Too often, startups can have a a difficult time finding quality people to hire. How can you tell the difference between a hard worker and someone who’s all talk, no walk? You may have plenty of applicants but without the right approach to interviews, selecting the right one might as well be a dice game. In order to make a quality assessment of a potential hire, you’ll need to use a structured interview designed to uncover the candidate’s past behavior. By gaining a real sense of what they’ve accomplished, you’ll be able to more realistically predict their future results. That was the gist of a talk given by Dr. Paul Green at EmergeMemphis last Wednesday.
Over the past fifty years, nearly all academic papers on conducting business interviews support the use of structure and a behavior-based approach. In more specific terms, this means using prepared questions about past events, and fishing for details.
Asking the Right Questions
A very poor question might go something like, “What do you think are some of your weaknesses?” Most interviewees will be able to B.S. their way through a question like that. In contrast, “Could you tell me about an example in which you worked with other employees to fix a problem?” forces a more direct answer. Be sure to take note of specific details like a name, time, place, or number. If the interviewee doesn’t readily give you specific details, try to probe with follow-up questions.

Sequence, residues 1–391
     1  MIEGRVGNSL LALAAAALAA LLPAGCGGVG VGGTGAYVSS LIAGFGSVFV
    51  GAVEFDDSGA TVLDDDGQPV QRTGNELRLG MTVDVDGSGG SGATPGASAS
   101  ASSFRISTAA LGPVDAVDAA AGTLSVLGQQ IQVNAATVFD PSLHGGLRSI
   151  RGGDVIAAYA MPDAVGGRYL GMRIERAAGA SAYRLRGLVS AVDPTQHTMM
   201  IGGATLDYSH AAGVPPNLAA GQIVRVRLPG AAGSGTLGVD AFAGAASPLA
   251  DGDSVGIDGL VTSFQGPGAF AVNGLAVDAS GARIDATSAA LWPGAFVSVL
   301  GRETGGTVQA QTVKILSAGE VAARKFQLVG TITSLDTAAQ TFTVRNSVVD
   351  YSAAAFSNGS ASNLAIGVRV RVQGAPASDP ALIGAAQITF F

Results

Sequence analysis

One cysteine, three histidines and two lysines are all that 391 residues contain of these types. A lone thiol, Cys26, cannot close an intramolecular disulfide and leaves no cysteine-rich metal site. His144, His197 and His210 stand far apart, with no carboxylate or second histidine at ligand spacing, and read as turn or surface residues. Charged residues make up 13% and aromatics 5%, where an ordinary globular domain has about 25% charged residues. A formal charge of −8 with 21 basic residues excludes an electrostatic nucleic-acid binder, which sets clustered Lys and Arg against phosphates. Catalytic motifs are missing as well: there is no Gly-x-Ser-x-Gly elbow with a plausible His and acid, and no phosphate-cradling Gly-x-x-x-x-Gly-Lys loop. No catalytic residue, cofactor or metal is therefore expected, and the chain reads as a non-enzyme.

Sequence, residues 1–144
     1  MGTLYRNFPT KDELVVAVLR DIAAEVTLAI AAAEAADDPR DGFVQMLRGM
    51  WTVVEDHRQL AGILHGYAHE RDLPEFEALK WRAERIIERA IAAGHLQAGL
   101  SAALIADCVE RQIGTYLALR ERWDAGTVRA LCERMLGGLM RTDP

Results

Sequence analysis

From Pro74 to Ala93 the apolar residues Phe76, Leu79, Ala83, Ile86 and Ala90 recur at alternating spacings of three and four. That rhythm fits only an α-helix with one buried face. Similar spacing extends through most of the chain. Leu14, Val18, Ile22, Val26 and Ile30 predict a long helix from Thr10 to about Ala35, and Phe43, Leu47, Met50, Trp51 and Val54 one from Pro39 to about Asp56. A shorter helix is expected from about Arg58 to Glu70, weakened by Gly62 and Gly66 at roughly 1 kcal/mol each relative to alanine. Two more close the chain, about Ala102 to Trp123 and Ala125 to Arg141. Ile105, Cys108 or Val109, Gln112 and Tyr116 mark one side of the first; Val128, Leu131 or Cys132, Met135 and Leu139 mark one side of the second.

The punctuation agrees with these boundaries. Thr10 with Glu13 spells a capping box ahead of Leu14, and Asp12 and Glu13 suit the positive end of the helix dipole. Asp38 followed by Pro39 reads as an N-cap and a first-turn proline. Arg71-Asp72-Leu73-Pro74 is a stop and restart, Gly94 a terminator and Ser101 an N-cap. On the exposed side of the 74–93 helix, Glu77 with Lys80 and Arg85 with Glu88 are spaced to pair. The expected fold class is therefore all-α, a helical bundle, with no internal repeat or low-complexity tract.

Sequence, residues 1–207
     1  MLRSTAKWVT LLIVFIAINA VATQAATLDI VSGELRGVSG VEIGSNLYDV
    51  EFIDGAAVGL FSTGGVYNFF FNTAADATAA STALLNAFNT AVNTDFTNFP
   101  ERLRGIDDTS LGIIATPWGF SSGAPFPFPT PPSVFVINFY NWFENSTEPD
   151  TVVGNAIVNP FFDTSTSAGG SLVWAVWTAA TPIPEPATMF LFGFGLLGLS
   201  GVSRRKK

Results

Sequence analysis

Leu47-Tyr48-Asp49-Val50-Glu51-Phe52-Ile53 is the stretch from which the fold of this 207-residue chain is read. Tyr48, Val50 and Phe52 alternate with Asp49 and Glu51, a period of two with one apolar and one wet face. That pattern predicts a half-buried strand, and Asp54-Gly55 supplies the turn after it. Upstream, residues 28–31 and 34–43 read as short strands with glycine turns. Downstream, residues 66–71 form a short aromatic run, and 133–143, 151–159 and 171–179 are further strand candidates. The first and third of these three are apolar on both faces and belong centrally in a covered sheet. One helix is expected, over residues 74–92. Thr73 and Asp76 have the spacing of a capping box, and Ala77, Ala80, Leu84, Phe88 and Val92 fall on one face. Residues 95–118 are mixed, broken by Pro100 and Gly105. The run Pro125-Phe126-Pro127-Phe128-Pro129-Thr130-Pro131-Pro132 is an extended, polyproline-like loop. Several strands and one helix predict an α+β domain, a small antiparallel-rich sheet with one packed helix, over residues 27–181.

Observing the Interviewee’s Behavior
After you ask a question, the candidate will likely break eye contact and look off to the side. This is GOOD! It means you asked a question that has caused them to think. Preventing the candidate from using canned responses is one of the goals of behavior-based interviews.
As an interviewer, you should be completely comfortable tolerating silence. After a good, detail-oriented question, an interviewee may take an extended period of time trying to think of an answer. Instead of helping him along or looking impatient, give him or her time to think. It’s far better to wait for a well thought out answer than force a half baked one.
Preparation and Creating a System
In addition to the basic ideas above, Dr. Green stressed the importance of good planning. He advocated using prepared questions organized by competencies related to the open position. Based on the interviewee’s answers, the interviewer can later assign ratings to the candidate for each competency. Systematizing the interview process beforehand allows each interview to proceed smoothly and be highly useful in comparing potential hires.
The structured behavioral interview may take a little more time to prepare for and execute, but it will certainly be worth the investment. Quality hires can dramatically improve your company’s efficiency and results, while mediocre employees will create far more work for you in the long run!
If you are interested in having Dr. Green speak or simply want more information, you can contact him using the information below:
Paul C. Green, Ph.D.
Author, Trainer, Consultant
505 Tennessee St. #514
Memphis, TN 38103